The relationship that exists between the 3 Synoptics is helpful for understanding them contextually, politically and theologically. John, however, remains something of an enigma, as much for us today as it was for the original readers. And this being my second time working through this Gospel in the last 3 years, the sheer complexity of this book still manages to amaze me.
One of the questions I have been asking this time around is this. If I could narrow John’s Gospel down to one thing, one big idea, what would that be. And that one thing that I came away with was this:
“The light shines in the darkness, and the darkness has not overcome it.”
– John 1:5
What strikes me about this one big idea is how present this message really is. How timeless it feels. In a book that feels incredibly engaged with the activity of looking backwards, it is this single message that offers us the foundation in which to look forward out of our own places of darkness. The light shines now in the midst of our present circumstance, and the darkness, no matter how overwhelming it might feel in this present moment, has not overcome it. And how do we know this? How does John know this? And we can know this because this light, the true light that John says was given in order to “enlighten everyone” (1:8), existed before all things were made (1:3), even before John himself knew who or what the light was, and long before we could even consider the nature of this light in the midst of our own darkness.
And this single message rings clear in the midst of the passive voice that dominates the opening chapters of John’s Gospel.
“In the beginning”… all things “were” made through Him, and the life “was” the light of men. To which John centres our focus on the truth that there “was” a man sent from God (John) to help us know the light, for the law “was” given through Moses, but grace and truth “came” through Jesus, the one who “has” been (again, past tense) made known as the light that shines into our present circumstance. Jesus is then the one who forms and informs the “testimony of John” that sets up the rest of this book in 1:19. Or perhaps more to the point, forming and informing a key concern of John in defining the nature of exactly “who” this light is and “how” it is that He shines His light into the world, particularly into his own context and the persisting disagreements surrounding Jesus’ earthly existence and the truth of His divine nature that dominated the communities that made up Johns initial audience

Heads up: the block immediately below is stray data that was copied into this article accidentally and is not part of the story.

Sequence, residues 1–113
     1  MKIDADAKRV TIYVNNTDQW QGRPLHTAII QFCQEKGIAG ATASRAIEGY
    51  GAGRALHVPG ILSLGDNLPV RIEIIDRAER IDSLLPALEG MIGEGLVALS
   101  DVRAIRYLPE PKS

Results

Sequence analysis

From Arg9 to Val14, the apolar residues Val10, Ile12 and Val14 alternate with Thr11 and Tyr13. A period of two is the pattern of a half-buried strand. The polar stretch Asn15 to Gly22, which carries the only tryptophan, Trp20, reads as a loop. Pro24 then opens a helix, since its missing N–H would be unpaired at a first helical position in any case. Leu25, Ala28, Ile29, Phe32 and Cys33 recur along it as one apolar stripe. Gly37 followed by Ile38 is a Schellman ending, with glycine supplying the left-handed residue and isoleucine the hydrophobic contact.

And even though the author uses more figurative and symbolic language than the language that we find in the synoptics, the Gospel according to John is very clear about the who and the how of Jesus’ nature as the light. Packaged between the “sign” narratives, which are visually and imaginatively intended to “manifest His glory” or “exalt” Jesus above “all” things, John is quick to offer his hearers this unequivocal statement, words He expects and hopes can set these disagreements to rest:
“He who comes from above is above all, he who is of the earth belongs to the earth.”
– John 3:31
For John, the joy of his testimony is complete (3:29) only when the voice and ministry of Jesus becomes louder and more prominent than his own. And the way he imagines the voice of Jesus “increasing” in his own life is by engaging in the practice of looking backwards, of reflecting on and remembering the ways in which Jesus has been speaking into this world, our world, since the dawn of Creation. By remembering that He (the one who is the light) who comes after me (who is shaping the promise of my future) ranks before me because He “was” before me” (1:15). Thus for John, Jesus is above all things primarily because He is the source of all things, something only one who is from above can be. To which the word “all” that we encounter throughout these opening chapters intends to call each of us to the same practice and the same consideration.
Which brings me to three final take aways from all of this as I begin this next journey in the Gospel of John:
First, the Gospel of John is speaking to anyone familiar with the darkness, which John seems to suggest would be all of us.
Second, the Jesus that we find in the Gospel of John desires to breathe hope into the darkness and to give light into the places in which we are finding it hard to see.
Third, the way we allow Jesus to breath hope into our lives, the way we come to know and see Jesus more clearly, is through the practice of reflecting and remembering.
As I prepare myself to engage more fully with the “testimony of John”, the fruit of his own reflecting process, the challenge I find for myself is to continue my own path of remembering, a practice that motivated me to start this blog nearly 2 years ago. And as I remember, I also pray. I pray that the spirit that I encountered in these opening pages of John, the spirit that moved and gave voice to all of creation, will be the same spirit opens my eyes and my heart to new truths and new conviction, to greater “enlightenment” if you will, to borrow from the ESV translation. And may these truths and these convictions be not only the light to my darkness, but a light that I am able to share with the world around me as well.